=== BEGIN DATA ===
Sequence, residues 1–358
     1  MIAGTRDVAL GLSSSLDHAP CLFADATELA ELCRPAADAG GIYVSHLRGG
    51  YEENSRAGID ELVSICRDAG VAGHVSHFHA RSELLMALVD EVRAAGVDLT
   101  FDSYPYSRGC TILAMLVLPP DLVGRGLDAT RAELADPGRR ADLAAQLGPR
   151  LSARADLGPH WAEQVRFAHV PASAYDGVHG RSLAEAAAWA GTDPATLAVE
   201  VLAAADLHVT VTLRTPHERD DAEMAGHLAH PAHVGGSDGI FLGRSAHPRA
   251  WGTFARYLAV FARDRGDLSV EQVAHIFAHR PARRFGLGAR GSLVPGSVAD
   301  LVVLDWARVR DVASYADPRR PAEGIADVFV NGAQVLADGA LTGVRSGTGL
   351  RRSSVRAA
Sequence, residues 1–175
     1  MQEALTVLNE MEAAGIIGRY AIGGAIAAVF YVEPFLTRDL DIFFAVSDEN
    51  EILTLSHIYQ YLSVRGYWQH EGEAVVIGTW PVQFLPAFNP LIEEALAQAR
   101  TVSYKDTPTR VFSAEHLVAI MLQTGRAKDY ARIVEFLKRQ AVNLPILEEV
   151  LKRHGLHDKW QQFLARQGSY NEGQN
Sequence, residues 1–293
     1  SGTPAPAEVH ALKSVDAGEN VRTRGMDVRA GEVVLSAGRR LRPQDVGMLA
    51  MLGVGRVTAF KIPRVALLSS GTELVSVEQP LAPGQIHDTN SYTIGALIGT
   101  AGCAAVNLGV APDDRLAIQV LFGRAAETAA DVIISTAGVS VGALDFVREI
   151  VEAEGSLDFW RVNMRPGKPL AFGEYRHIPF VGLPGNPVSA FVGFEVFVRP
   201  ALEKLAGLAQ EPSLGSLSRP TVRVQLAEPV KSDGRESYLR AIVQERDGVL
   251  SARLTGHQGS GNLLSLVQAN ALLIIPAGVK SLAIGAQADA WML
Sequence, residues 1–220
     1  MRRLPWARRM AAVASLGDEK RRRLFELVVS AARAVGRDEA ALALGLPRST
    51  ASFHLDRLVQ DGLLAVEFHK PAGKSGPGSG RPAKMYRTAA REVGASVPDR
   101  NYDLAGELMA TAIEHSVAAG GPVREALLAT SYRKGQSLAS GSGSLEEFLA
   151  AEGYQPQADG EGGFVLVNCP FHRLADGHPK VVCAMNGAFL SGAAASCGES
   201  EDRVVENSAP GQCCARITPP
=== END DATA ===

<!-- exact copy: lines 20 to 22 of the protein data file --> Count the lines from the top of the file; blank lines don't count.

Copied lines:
   201  ALEKLAGLAQ EPSLGSLSRP TVRVQLAEPV KSDGRESYLR AIVQERDGVL
   251  SARLTGHQGS GNLLSLVQAN ALLIIPAGVK SLAIGAQADA WML
Sequence, residues 1–220